Jim Gabriel’s review published on Letterboxd:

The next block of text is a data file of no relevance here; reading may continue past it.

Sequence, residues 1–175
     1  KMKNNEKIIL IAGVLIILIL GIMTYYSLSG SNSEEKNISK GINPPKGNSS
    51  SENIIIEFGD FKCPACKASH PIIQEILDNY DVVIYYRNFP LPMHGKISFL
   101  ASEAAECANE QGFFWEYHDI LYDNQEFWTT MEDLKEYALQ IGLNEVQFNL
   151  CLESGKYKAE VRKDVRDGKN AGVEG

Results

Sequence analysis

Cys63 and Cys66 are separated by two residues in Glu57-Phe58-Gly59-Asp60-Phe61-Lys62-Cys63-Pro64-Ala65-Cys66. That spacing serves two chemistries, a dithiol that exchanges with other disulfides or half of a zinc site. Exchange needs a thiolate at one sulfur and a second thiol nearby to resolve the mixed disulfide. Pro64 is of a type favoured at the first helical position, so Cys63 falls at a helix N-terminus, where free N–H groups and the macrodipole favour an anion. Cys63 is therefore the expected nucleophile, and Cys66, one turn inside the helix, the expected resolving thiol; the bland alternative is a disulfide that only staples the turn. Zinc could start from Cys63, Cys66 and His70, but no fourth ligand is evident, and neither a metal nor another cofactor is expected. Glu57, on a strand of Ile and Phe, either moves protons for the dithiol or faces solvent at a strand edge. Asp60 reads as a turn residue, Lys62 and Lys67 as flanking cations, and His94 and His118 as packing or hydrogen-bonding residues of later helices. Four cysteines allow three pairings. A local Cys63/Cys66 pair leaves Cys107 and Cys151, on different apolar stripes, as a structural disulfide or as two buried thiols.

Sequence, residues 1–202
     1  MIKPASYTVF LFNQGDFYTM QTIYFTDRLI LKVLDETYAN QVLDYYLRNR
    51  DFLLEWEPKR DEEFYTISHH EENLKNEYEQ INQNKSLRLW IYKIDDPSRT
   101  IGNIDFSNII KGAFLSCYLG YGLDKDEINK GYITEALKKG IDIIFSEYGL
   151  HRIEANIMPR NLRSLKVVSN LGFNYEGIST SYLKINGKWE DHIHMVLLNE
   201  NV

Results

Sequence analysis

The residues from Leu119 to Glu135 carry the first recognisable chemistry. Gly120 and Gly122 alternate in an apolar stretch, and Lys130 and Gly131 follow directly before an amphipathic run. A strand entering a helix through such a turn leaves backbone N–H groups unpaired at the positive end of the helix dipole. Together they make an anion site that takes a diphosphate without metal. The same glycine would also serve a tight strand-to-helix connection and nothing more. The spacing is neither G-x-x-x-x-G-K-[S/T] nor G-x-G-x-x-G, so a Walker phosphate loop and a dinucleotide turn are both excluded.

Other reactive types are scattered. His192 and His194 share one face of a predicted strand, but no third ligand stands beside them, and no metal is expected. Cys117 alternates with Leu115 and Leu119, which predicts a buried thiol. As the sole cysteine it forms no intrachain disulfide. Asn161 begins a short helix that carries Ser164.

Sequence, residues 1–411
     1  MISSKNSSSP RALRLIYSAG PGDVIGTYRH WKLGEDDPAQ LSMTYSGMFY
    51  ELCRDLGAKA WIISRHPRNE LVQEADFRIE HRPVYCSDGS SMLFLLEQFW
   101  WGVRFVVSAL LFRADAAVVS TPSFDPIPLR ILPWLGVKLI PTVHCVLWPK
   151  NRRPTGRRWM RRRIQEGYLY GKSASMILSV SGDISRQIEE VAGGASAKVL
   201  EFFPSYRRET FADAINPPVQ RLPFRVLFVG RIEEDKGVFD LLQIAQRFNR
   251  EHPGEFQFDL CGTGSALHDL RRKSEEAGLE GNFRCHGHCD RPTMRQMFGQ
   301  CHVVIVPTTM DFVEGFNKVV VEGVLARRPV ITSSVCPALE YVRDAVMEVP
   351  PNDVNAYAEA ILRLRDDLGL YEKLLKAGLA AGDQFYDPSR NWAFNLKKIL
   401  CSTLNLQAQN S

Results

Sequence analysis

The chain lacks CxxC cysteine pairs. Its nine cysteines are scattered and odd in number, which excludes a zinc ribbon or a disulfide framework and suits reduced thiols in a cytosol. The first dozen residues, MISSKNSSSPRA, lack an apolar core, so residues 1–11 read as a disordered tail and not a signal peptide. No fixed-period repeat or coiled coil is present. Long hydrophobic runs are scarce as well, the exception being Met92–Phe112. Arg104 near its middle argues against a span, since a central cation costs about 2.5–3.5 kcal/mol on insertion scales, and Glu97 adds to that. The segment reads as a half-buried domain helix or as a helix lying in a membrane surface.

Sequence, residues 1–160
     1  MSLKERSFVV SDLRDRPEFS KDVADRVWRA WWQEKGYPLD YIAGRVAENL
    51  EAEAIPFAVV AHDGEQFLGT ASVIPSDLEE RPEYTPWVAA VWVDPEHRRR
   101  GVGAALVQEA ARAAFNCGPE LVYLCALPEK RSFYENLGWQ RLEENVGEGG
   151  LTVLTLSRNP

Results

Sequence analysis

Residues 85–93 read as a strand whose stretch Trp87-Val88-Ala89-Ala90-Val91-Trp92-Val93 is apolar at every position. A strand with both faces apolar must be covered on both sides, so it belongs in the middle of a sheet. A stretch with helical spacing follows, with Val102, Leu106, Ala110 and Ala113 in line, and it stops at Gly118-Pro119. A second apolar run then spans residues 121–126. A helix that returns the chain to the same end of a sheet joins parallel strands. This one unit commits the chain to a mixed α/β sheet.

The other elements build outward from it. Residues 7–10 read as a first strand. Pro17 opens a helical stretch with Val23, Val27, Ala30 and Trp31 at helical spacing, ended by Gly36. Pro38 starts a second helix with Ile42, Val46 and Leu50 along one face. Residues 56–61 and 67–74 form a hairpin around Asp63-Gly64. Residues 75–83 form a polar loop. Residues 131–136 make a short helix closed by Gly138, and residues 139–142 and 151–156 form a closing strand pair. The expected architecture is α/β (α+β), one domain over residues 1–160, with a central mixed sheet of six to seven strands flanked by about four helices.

Todd Haynes’ film was nominated for six Oscars and was jobbed out of every last one, including a few that it wasn’t up for. It might seem in questionable taste to bring up awards when talking about a film as rigorous and lavishly emotional as Carol, but it’s one of those pictures that makes you notice all its artisans’ work, from propmasters to painters, from the masterly concision of the writing to the costumers’ precision, on down the line, every last bit of it, the care taken to recreate this womb-world where people played 78s and drove drunk with their kids in the back seat. You appreciate it so—love it so—that your back tends to get up when you run into someone who doesn’t feel similarly. The leads are pitched just right; Rooney Mara’s lightly tremulous Therese, with her increasing inability to abide men’s demands on her, so much so that she’s nearly jumping out of her skin at their insinuations, is “flung out of space” into the path of Cate Blanchett’s Carol, whose martini-lunch bearing is being shredded by a divorce and a legal fight for her daughter. (Blanchett’s line readings are as haunting as a smoke eddy, and when she loses it, never tips over into divadom; when asked if she knows what she’s doing regarding Therese, her quiet response of “I never did” seems the fulcrum of the film’s prevailing mood.) The director’s attunement to the women even extends to the blocking; his keen stratagem of constantly placing figures (mostly men) in Therese and Carol’s way subliminally works on you, and his little visual detours, such as a set of closeups giving way to a montage made of lovely, positively avant-garde out-of-focus dissolves, are plainly beautiful. He’s the perfect director for this material. Time will tell if Carol has the resonances of a classic, much less a masterpiece, though I suspect it will. In the meantime, any day we can see it in a theater is a happy one, as we await the day Chicagoans will be able to see the single 35mm print Haynes and cinematographer Ed Lachman paid for out of pocket.